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Three Questions from the Timbers’ 1-0 Win Over Stabæk

The Timbers closed their preseason with a 1-0 win over Stabæk that soothed some concerns while leaving others lingering into the impending regular season.


The Portland Timbers notched their first win in the Simple Invitational since 2012, as a 31st-minute Fanendo Adi goal was all the Timbers needed to beat Stabæk. As always in preseason, however, the performance is more important than the result, and after the game Caleb Porter was pleased with his team’s effort, calling it the best outing the Timbers have had this preseason.

Although the Timbers answered a few of the questions lingering over the Rose City against De Blaa, others remain. Even if the Timbers didn’t always fully capitalize, their chance-creation was markedly improved from their performances against Chicago Fire and the Vancouver Whitecaps. They still have a ways to go to rediscover the net-blazing form they had through the summer and fall of 2014, but the Timbers were noticeably more dangerous against Stabæk than previously in the Simple Invitational.

Improved chance-creation notwithstanding, however, here are three more questions coming out of the Simple Invitational finale.

1. Will the Timbers’ defensive midfield be good enough to keep MLS opponents off the scoreboard?

A central-midfield combination of Jack Jewsbury and Blair Gavin isn’t exactly the tandem the Timbers planned to deploy in 2015. And in all likelihood it won’t be the combination the Timbers roll out against Real Salt Lake in the planned home opener next weekend. But with Will Johnson recovering from a broken leg, Diego Chara carrying a niggling injury, Ben Zemanski awaiting surgery on a torn ACL, and George Fochive oddly suspended from a preseason game, Jewsbury-Gavin was the partnership du jour on Saturday.

The fact remains, then, that we haven’t recently seen the presumptive opening-day pair of Jewsbury and Chara together heading into the regular season - an uncomfortable prospect for a team that has relied heavily on central-midfield dominance in recent years.

Nonetheless, both Chara and Jewsbury are known quantities in Portland and Porter praised Jewsbury’s performance on Saturday. If, as he did on Saturday, Jewsbury is able to hold down his holding midfield spot until Johnson returns, the Timbers may come through the major injury crisis in their engine room relatively unscathed.

That "if," however, looms large over the Timbers’ early-season prospects.

2. Are there any more questions about Fanendo Adi’s place as the first-choice striker?


After what had been to this point a little bit of an up-and-down preseason for Adi, the Nigerian nine was the best player on the field Saturday. Adi dominated aerial ball-winning, imposed his will with the ball at his feet, and distributed brilliantly in the attack.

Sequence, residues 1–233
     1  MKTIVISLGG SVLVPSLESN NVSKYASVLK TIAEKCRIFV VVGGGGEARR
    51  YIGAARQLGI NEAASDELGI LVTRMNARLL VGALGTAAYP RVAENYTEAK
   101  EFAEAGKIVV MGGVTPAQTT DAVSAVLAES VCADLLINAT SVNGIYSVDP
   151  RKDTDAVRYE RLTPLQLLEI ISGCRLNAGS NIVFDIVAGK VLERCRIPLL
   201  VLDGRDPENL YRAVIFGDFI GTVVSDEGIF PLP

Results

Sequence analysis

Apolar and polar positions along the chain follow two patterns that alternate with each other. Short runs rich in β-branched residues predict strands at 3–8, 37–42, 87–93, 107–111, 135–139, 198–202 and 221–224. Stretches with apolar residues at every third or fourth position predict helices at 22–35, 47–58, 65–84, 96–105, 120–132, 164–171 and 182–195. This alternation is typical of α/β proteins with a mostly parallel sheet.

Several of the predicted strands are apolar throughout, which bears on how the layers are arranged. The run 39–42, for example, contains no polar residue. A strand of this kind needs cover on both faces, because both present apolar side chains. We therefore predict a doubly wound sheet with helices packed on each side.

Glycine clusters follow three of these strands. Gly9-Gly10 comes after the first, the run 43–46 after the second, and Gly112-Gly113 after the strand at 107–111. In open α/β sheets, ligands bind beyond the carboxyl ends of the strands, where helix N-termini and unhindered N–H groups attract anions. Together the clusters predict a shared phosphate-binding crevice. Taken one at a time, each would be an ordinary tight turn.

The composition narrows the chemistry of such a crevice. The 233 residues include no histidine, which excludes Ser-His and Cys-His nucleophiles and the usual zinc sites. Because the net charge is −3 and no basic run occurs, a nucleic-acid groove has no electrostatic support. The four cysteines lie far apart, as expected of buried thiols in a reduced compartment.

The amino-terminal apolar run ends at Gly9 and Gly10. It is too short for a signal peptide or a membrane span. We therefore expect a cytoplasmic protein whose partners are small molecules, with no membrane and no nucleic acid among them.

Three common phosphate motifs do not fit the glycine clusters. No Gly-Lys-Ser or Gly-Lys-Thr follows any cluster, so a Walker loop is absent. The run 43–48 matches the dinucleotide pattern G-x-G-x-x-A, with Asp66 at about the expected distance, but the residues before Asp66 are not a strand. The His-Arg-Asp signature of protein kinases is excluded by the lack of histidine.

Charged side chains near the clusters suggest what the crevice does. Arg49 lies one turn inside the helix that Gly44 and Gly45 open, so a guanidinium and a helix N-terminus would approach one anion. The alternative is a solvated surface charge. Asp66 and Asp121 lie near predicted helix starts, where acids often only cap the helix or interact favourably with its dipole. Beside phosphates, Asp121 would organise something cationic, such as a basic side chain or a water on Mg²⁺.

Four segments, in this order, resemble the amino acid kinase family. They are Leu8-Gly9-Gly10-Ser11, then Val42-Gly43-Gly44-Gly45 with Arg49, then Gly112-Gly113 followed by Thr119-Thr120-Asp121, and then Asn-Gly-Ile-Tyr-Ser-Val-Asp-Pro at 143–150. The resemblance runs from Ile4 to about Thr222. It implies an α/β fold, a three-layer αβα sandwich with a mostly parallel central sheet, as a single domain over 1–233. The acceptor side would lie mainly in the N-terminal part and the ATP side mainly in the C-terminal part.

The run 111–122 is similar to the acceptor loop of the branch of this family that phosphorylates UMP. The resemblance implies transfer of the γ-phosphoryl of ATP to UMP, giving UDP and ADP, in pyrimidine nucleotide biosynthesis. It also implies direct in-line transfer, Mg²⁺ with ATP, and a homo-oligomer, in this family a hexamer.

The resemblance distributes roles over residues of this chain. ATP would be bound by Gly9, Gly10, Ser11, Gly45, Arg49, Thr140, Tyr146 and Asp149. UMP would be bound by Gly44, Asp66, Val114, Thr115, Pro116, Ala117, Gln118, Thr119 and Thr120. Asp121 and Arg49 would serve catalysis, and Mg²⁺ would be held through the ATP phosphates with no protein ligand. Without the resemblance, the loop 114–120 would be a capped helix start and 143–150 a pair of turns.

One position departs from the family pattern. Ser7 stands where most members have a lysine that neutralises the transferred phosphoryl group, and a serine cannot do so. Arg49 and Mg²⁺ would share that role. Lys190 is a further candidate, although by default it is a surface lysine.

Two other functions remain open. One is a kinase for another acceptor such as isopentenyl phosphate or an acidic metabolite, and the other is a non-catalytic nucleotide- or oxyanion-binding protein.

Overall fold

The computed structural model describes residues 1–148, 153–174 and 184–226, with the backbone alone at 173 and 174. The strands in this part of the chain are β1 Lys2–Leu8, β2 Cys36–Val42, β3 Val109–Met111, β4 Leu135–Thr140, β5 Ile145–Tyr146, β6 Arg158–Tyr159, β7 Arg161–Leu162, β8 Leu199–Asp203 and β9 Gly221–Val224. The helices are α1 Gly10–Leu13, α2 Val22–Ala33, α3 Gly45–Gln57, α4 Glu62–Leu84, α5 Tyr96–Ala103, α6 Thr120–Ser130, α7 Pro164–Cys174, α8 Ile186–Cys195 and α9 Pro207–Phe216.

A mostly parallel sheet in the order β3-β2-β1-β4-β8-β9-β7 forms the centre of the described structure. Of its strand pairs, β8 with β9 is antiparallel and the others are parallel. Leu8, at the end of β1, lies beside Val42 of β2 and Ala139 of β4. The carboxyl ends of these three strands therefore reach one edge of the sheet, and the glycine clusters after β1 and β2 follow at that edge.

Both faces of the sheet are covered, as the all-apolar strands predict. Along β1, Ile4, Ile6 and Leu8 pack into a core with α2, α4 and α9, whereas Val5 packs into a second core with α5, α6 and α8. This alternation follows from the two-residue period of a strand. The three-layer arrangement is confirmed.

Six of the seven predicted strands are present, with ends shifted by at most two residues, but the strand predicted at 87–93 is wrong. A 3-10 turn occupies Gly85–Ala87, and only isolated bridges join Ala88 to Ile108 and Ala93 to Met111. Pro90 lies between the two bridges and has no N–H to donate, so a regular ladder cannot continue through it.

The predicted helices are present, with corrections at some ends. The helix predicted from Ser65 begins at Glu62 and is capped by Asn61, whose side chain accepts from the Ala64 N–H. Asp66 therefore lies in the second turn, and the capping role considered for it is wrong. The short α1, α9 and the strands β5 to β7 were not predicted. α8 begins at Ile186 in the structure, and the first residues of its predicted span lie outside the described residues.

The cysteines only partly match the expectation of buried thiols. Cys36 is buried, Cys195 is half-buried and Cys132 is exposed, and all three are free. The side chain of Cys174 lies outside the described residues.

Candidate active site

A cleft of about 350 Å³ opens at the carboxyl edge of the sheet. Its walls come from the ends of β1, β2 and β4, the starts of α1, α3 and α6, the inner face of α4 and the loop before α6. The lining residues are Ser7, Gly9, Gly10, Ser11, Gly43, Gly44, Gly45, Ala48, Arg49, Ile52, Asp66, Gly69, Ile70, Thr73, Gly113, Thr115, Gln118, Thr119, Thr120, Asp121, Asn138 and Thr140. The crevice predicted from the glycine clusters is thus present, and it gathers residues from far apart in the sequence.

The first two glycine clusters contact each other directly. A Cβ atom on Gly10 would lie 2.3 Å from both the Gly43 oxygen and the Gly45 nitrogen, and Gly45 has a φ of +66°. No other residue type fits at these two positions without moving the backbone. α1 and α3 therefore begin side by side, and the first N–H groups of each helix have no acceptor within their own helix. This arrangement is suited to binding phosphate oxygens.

Oh, and he notched the winner. That’s good, too.

Without Diego Valeri in the lineup for the first couple months of the season, the Timbers will need Adi to be that dominant force leading the line, occupying central defenders, and putting away chances. After showing only flashes of that earlier in preseason, Adi was all of it Saturday evening.

And that’s a very good sign for the Timbers.

3. Is this the level we can come to expect from the Timbers’ central defense?

If so, the Timbers may be able to withstand a little bit of a slow offensive start. Liam Ridgewell and Nat Borchers bossed the game in the Timbers’ defensive end on Saturday, limiting Stabæk to a handful of half-chances and a couple of fluke opportunities cleaned up by increasingly solid goalkeeper Adam Kwarasey.

Although playing against a level of competition a half-step down from what they’ll face in the MLS Western Conference on Saturday, the backline didn’t have the easiest time. Although the defensive midfield held its shape, without Diego Chara it was noticeably worse in the ball-winning department. The result was a fair amount of possession from Stabæk within thirty yards of the Timbers’ goal.

Despite playing more of the game one bad step away from trouble than they’re used to, however, the Timbers backline hardly put a foot wrong under Borchers and Ridgewell’s leadership. And, as Caleb Porter pointed out in his postgame press conference, the pair was very solid against Vancouver last Sunday, as well.

Porter made no bones about what he thinks of his defense after the game. "I’m okay if we get a clean sheet every game and score one goal," Porter said, "Merritt [Paulson] might want more goals, but I think he’ll take the wins over the goals any day."

Although the attack looked better on Saturday, it clearly has some work ahead of it before it will produce like it did in 2014. If the past two games are representative of the defensive fortitude Ridgewell and Borchers bring to central defense, however, the Timbers may be able to squeak out enough results even with an offense yet to hit on all cylinders. And if the offense can get back to its 2014 form, a backline of the rigidity the Timbers seem to be foreshadowing could propel Portland beyond expectations.

But in the interim, Porter seems fine relying on his defense. He may have to.